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East Baltimore
2nd Term
Molecular Microbiology and Immunology
Academic Year
2022 - 2023
Instruction Method
Class Time(s)
Thursday, 5:00 - 6:00pm
Auditors Allowed
Available to Undergraduate
Grading Restriction
Letter Grade or Pass/Fail
Course Instructor(s)
Contact Name
Gundula Bosch
Contact Email
Frequency Schedule
Every Year


Are you interested in fundamental ideas about cause and effect relationships, and how they govern biomedical and public health researchers' work? Understanding causal relationships is essential to our abilities to explain why things happen, predict what will happen, and design interventions. We will discuss different theories of causation, and analyze how different fields in science and health establish causality. In this course, faculty from each JHSPH Department will lead a discussion of how causal relationships are understood within their field, and what approaches allow us to gain causal insight on that topic by observing phenomena ranging in scale from the molecular to the global.
Acquaints students with the central concept of causation across the biomedical and public health disciplines. Discusses how cause and effect relationships govern today's research and evidence-based decision-making based on the social, physical, political, and economic determinants of health. Compares how fields and sub-disciplines in biomedicine and public health approach causation using research case examples that illustrate major morbidity and mortality-related health problems. Examines strategies to mitigate the limitations of causal inference.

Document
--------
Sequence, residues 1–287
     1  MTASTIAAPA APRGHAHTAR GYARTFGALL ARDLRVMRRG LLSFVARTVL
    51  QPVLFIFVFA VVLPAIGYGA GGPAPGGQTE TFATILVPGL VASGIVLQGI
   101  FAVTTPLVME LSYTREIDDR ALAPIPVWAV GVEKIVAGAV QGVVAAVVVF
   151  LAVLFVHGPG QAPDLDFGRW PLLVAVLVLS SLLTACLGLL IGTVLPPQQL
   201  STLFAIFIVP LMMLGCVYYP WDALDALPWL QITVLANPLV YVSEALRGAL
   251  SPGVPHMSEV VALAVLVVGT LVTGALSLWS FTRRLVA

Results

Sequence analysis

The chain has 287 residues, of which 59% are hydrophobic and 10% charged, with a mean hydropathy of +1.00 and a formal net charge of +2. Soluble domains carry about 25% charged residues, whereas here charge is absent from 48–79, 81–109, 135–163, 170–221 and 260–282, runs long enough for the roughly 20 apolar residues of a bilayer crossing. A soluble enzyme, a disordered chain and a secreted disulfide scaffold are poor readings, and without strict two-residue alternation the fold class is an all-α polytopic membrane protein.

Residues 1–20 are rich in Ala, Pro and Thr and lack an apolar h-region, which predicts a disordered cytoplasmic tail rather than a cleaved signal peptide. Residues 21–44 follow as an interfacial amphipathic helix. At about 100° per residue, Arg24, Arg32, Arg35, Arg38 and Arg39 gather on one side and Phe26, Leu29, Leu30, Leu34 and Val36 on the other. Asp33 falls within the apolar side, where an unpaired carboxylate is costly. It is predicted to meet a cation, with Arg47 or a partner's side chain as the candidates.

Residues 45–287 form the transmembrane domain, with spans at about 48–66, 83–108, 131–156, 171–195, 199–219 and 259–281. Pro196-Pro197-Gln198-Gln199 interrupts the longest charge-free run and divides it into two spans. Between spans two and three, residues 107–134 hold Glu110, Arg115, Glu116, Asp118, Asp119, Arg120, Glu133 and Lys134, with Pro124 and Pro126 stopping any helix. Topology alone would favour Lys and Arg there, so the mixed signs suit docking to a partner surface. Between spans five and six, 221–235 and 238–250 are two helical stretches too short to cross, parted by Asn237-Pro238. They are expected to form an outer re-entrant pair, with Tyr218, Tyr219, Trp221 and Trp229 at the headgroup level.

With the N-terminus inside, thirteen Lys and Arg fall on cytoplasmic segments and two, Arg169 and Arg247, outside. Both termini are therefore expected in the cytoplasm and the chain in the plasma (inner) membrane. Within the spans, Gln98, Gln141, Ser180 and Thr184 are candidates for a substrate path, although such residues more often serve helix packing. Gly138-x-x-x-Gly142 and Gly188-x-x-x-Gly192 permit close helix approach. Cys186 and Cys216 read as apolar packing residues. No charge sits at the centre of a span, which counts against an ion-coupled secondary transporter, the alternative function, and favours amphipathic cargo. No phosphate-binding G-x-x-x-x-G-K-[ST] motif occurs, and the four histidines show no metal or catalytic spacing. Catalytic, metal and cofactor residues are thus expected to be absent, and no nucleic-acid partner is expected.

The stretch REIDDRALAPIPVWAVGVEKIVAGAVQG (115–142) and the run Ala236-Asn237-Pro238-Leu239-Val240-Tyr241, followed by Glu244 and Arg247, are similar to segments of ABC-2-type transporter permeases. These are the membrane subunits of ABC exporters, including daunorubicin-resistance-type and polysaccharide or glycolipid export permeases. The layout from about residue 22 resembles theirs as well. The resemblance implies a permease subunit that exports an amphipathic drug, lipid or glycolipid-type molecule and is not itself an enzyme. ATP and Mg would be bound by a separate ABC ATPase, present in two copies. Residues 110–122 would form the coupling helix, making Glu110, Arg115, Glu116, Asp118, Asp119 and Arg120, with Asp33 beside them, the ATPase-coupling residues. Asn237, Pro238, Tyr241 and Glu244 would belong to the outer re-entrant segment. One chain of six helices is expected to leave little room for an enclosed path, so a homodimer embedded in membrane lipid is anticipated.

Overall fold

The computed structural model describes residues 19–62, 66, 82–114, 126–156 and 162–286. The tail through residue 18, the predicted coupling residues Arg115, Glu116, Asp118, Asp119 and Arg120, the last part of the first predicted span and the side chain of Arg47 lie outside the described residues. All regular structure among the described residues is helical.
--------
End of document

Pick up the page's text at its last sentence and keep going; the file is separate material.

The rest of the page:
Learning Objectives
Upon successfully completing this course, students will be able to:
  1. Explain how causality is currently - and has historically been - established across the public health and biomedical research fields
  2. List three key concepts about causation: The Regularity Theory of Causation, The Counterfactual Theory of Causation, and the idea of necessary connection
  3. Describe the social, physical, economic, and political determinants of health and methods to investigate their causal relationship to health outcomes
  4. Illustrate how causal research concerning the social, physical, economic, and political determinants of health contributes to our current body of evidence about population health and health inequities
  5. Appraise how limitations of causal inference can be mitigated in public health and biomedical research and practice
Methods of Assessment
This course is evaluated as follows:
  • 30% Case study work
  • 40% Final Project
  • 30% Course and discussion participation
Special Comments

This is the onsite version of a course also held virtual/online. You are responsible for the modality in which you register. This course is part of the JHSPH R3 Program series (, and represents a collaborative effort of all 10 Departments at the School.